Seafood with a sea view
The lobster at Linn Duachaill, Co Louth is a real triumph – they should put it on the lunch menu, writes CATHERINE CLEARY
SO MANY OF our buildings show a sullenness towards the sea. They sit facing resolutely away from the water, wrapping bricks around their occupants, as if the sea was an irritating source of wind and cold. The Glyde Inn in the tiny Louth fishing village of Annagassan looks, from the road, like such a building. It’s as traditional a pub as you can imagine when you stop in front of its redbrick facade. Inside it’s an old-fashioned, cosy nook-and-cranny place, where a tired fisherman could relax by a fire and forget the waves outside its walls.
But at the back of the building the Glyde Inn has a separate, newish wing which houses its restaurant. When you walk into it you get a view so spectacular that even my three year-old remarks on how “the mountains are falling into the sea”. Posters around the place show they’ve just “relaunched” the restaurant calling it Linn Duachaill, the name of the 9th-century Viking longphort, or ship camp, that once sat nearby.
The set-up is all very definite. None of your gastropub crossover nonsense. The pub is at the front, the restaurant at the back. I have arrived with a class of a booking, having phoned the place earlier that morning to book a table for two adults and two children. “That’s grand,” the man said. Did he need a name for the booking? The answer was along the lines of: “No. Sure that’s fine.” And as we’re early and the place is empty, it is.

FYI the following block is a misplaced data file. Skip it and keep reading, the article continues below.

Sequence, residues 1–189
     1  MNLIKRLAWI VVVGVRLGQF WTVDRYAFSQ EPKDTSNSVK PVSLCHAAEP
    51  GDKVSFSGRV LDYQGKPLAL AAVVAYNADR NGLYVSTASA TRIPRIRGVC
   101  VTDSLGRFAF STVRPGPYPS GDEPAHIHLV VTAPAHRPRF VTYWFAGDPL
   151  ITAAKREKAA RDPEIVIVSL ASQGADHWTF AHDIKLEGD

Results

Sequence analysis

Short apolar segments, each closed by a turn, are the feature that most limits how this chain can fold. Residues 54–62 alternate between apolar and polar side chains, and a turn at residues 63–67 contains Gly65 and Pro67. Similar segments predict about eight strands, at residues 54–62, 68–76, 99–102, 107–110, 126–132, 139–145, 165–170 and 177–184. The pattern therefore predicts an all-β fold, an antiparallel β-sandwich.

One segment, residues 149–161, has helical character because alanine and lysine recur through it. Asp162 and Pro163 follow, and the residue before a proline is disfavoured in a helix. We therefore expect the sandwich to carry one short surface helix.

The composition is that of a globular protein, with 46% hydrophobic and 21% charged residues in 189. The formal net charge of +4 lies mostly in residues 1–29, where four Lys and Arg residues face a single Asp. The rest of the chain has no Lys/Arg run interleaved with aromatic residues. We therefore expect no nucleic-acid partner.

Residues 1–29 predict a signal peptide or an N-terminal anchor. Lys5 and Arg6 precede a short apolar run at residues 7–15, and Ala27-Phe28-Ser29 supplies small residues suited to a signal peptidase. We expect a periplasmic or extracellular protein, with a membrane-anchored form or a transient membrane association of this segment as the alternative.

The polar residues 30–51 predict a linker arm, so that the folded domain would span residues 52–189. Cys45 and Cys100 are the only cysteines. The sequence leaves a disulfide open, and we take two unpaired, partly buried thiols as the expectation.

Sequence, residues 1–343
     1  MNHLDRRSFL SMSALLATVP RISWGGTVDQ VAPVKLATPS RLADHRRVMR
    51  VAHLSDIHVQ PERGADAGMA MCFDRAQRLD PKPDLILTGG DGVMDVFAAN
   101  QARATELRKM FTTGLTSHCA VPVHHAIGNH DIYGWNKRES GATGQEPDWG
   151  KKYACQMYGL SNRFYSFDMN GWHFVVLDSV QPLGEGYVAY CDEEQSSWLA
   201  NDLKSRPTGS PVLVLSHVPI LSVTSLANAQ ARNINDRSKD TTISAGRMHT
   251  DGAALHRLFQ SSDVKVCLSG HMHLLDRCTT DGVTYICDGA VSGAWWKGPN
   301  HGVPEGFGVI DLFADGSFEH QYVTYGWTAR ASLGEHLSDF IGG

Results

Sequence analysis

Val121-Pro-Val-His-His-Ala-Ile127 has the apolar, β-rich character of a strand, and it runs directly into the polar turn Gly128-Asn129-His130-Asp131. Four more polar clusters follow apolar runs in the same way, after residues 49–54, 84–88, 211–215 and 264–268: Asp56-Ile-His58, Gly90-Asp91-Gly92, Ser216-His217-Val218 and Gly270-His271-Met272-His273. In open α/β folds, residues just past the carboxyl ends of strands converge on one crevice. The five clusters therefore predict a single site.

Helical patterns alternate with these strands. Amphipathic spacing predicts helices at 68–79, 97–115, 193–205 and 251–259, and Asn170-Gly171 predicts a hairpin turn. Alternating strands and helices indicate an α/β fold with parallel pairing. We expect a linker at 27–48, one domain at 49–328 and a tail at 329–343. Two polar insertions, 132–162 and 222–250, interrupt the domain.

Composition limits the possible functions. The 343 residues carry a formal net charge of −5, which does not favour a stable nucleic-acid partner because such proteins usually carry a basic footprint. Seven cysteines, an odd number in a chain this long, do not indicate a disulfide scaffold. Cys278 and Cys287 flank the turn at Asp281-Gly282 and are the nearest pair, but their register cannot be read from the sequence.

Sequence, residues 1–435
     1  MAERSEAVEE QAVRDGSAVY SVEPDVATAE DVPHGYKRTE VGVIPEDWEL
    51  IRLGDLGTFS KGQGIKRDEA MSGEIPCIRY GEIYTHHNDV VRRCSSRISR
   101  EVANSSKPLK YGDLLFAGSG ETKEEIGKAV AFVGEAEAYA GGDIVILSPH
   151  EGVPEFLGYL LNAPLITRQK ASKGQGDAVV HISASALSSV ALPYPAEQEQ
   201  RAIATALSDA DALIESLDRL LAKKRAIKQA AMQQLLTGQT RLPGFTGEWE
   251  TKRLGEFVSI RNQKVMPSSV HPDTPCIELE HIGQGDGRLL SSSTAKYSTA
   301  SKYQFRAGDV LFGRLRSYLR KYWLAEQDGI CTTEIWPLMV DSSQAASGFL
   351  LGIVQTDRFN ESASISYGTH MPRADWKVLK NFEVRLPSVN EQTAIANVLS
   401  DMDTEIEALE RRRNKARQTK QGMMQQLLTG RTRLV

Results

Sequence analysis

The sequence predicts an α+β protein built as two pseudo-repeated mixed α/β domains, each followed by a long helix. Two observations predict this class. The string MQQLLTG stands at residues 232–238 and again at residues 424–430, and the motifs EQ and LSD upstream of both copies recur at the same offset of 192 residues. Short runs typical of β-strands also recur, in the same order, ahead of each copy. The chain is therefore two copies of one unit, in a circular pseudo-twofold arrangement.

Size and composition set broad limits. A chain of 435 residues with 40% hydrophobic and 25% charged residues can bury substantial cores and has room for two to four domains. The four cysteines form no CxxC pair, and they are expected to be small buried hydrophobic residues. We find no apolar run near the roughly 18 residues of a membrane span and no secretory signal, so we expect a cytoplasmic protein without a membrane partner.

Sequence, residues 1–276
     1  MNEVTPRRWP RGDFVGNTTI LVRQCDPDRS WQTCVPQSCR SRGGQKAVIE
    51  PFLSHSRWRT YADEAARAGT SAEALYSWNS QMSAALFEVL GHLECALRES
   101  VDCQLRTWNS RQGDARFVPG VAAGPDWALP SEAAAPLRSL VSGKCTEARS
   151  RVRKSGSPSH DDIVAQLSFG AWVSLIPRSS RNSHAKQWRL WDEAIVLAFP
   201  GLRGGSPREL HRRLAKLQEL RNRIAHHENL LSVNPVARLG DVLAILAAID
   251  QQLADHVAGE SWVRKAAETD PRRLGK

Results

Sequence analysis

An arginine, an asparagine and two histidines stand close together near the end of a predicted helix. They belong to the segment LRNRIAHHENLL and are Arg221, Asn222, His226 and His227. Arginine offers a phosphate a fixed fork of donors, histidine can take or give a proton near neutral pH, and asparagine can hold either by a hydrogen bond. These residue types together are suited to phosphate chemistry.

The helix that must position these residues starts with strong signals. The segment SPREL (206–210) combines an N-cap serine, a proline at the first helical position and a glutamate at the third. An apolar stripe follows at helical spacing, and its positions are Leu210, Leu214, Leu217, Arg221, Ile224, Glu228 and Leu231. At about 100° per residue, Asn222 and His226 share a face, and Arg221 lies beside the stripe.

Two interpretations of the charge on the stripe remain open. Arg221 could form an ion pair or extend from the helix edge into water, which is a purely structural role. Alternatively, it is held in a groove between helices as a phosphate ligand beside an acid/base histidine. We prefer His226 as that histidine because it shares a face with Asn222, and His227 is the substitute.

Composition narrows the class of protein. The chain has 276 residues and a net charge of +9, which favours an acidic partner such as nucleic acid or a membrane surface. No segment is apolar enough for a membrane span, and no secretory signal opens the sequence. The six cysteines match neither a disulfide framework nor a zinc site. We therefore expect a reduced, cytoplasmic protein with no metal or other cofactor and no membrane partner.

It’s a big comfortable restaurant with lots of pine and a flat strand beyond the window that instantly reminds my aunt of her childhood trips to nearby Blackrock in Louth and the long freezing trek from beach to water, to swim when the tide was out.
The Cooley Mountains lie the other side of the water in their navy blueness and the view is a gorgeous Paul Henry with seabirds.
The other wildlife is the tank of lobsters spotted by the nine-year-old as we arrived, his eyes widening like he’d just seen a very large bag of sweets. The last time he ate lobster was at The Fish Shop in Schull in West Cork, the seasonal restaurant where lobster are sold alongside scampi and chips during the summer holidays. Like his mother (who was known to ask for smoked salmon in the 70s after being introduced to it on holiday), he has happy memories of a lobster lunch. The bar lunch menu doesn’t feature any lobster, so we ask if we can go off-menu and cook one of those babies. It’ll be €35, the waitress tells us. At that price, I’ll be sharing it with the lobster-lover so off we go to the tank to choose our victim.
While we wait for him to be cooked we go outside to get a close-up look at a lobster pot, on the gravelled garden outside. It would be a superb place to eat if the wind wasn’t quite so nippy. The pot has a small net funnel that collapses behind the lobster after he’s crawled in to get the bait. Once committed to his food there’s no way out.